Jay Rifenbary

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Personal Loyalty: Committing to Your Future

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In the midst of our ever growing economic, political, environmental and social uncertainly has the commitment to personal loyalty and values taken a back seat to personal gratification and selfishness? What does it mean to be loyal, and have we lost an understanding of the importance of loyalty directed toward our values, family, community, institutions and even the principles our nation was founded upon? To be “loyal” is defined as, “giving or showing firm and constant support or allegiance to a person or institution”. Without loyalty within a family, workplace and/or community there is dysfunction, inefficiency, disharmony and most importantly a lack of trust crumbling communication. I believe personal loyalty is dedication to upholding the values you believe in and the value based actions that structure your character. It is the act of not wavering from your commitment to living a life that is an honest reflection of who you are.

To be disloyal to oneself is to project an image to the outside world in contrast to how you genuinely feel about yourself. It is energizing and gratifying to meet someone who views you as you want to be viewed, but the important question is, how do you view yourself when that someone is no longer looking? Do you feel as good about you as they do? When one is loyal to their core values, divergence in self-reflection diminishes and a unified self is solidified. Personal loyalty strengthens character, self-respect, integrity, and aligns actions with mind, heart and soul. I also attach personal loyalty to family loyalty. Although those you love may not be you, our devotion to those who love us is as important to being loyal to the values we believe in. To show allegiance to the person we partnered with, and the children we have brought into this world, having shared with them the many joys, sorrows and challenges of our life, is Loyalty Class 101. A family is an extension of the personal characteristics of each member within it and loyalty to those members ultimately contributes to the growth or dismantling of that family. Personally, I believe loyalty is non-existent in the character of a “deadbeat” dad and mom who provides for themselves, but fails to care and provide for their children. Demonstrated disloyalty toward personal values and families has also undermined and negated the critical importance of loyalty in our communities, our nation and our way of life.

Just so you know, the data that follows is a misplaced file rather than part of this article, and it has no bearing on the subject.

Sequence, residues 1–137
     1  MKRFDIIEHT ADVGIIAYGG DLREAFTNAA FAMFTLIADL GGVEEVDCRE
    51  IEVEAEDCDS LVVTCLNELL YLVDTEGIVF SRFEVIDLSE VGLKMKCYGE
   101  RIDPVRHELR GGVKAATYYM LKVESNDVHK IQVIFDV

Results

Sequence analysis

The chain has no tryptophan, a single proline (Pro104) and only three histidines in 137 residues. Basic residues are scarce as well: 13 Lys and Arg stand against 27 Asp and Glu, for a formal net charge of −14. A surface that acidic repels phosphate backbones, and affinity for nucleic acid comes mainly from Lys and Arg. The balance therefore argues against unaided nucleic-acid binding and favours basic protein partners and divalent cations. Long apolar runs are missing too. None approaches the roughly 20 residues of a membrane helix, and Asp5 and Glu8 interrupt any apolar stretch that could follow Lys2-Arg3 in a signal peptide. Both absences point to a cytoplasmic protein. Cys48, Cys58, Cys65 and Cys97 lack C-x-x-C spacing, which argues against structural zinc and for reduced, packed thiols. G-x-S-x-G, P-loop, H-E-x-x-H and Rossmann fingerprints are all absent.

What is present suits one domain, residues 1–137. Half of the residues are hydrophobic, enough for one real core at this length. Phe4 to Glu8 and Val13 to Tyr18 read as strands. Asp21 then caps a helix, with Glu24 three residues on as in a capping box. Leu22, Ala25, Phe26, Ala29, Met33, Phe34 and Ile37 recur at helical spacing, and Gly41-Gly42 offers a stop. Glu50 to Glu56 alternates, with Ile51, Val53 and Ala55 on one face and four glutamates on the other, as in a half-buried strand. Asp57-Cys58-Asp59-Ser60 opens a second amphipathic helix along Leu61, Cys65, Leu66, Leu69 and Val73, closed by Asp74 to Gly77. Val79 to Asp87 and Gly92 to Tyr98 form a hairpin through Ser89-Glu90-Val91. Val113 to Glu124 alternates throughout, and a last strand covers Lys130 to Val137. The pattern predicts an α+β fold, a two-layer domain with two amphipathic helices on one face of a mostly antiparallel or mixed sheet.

Non-personal loyalty is loyalty directed toward the leadership of the community we live in, business entity we work for, institution we belong to, and nation in which we pledge allegiance to. The degree at which the mission, purpose and vision of these areas of personal participation compliment our personal values will determine our level of loyalty to the leaders involved. In addition, issues, causes, and principles we are passionate about will significantly influence the amount of loyalty we commit to a specific person, group, establishment or institution. The most important question to ask yourself is; do the values that structure my personal and family loyalty, compliment and support my non-personal loyalty commitments?

There is also a dark side to loyalty that stems from blind obedience and misplaced loyalty to a person or entity where the aftermath of such obedience and loyalty is the violation of ethical and moral behavior and/or the destruction of human life and human dignity. It is the manipulation of the masses by leaders and those in power, combined with the ignorance and apathy of those being led that spawn these destructive forms of allegiance. Healthy personal and non-personal loyalty results in the betterment of ourselves, our relationships, those we impact each day and the world around us. It is being loyal to the goodness in ourselves that will reflect in the goodness of loyalty demonstrated to others. Let us not throw away loyalty because it takes to much work to understand it, and achieve it. Like self-respect, loyalty is not given but earned through our behaviors that reflect commitment to our values. As American Philosopher Josiah Royce stated, “Unless you can find some sort of loyalty, you cannot find unity and peace in your active living.” Activate your life by being loyal to what you love.





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